In 1978, the African elephant was listed as Threatened under the U.S. Endangered Species Act (ESA). The African elephant was first listed in Appendix III of the Convention on International Trade in Endangered Species of Wild Fauna and Flora (CITES) in 1976 and moved to Appendix II the following year.
What caused African elephants to become endangered?
African elephant populations have fallen from an estimated 12 million a century ago to some 400,000. … Today, the greatest threat to African elephants is wildlife crime, primarily poaching for the illegal ivory trade, while the greatest threat to Asian elephants is habitat loss, which results in human-elephant conflict.
When did African elephants become vulnerable?
In 2008, when the IUCN issued its last assessment of African elephants, it still considered them a single species, then described as vulnerable to extinction. In the years since, scientists came to recognize that forest and savanna elephants are distinct from each other.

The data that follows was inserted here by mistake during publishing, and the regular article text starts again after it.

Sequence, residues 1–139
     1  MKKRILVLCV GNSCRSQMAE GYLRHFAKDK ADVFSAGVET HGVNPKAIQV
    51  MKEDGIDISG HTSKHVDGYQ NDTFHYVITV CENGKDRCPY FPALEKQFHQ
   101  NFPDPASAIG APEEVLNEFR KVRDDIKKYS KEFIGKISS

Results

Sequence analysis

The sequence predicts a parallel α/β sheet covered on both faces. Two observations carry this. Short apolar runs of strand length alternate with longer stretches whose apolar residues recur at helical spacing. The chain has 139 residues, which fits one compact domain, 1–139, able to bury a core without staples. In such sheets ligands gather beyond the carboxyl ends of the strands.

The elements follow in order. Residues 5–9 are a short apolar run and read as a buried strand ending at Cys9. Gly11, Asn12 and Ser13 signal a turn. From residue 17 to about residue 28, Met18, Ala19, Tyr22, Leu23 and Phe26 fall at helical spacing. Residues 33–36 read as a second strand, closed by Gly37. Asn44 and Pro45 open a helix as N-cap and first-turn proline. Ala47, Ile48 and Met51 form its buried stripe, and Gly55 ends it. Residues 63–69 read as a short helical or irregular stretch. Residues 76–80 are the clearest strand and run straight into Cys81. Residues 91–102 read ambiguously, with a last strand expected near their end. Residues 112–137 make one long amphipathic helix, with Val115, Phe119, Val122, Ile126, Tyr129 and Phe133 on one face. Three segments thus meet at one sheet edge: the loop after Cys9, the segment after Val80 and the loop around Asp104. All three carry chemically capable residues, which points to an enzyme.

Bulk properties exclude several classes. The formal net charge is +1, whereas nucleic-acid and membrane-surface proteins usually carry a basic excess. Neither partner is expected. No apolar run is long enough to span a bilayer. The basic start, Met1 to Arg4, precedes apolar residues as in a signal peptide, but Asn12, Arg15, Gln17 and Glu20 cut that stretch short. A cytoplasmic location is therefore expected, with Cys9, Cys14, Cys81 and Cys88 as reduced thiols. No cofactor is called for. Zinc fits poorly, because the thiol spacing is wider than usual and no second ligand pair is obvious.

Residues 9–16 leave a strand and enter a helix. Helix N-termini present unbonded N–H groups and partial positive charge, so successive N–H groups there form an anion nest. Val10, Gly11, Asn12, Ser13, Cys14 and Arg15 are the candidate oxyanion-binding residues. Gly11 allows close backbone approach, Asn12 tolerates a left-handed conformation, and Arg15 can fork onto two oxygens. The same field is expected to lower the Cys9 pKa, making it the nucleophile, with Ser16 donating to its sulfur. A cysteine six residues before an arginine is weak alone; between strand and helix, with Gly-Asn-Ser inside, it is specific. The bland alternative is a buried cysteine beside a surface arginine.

Are African elephants endangered?
Is killing an elephant illegal?
Despite a ban on the international trade in ivory, African elephants are still being poached in large numbers. … The ban on international trade was introduced in 1989 by CITES (Convention on International Trade in Endangered Species of Wild Fauna and Flora) after years of unprecedented poaching.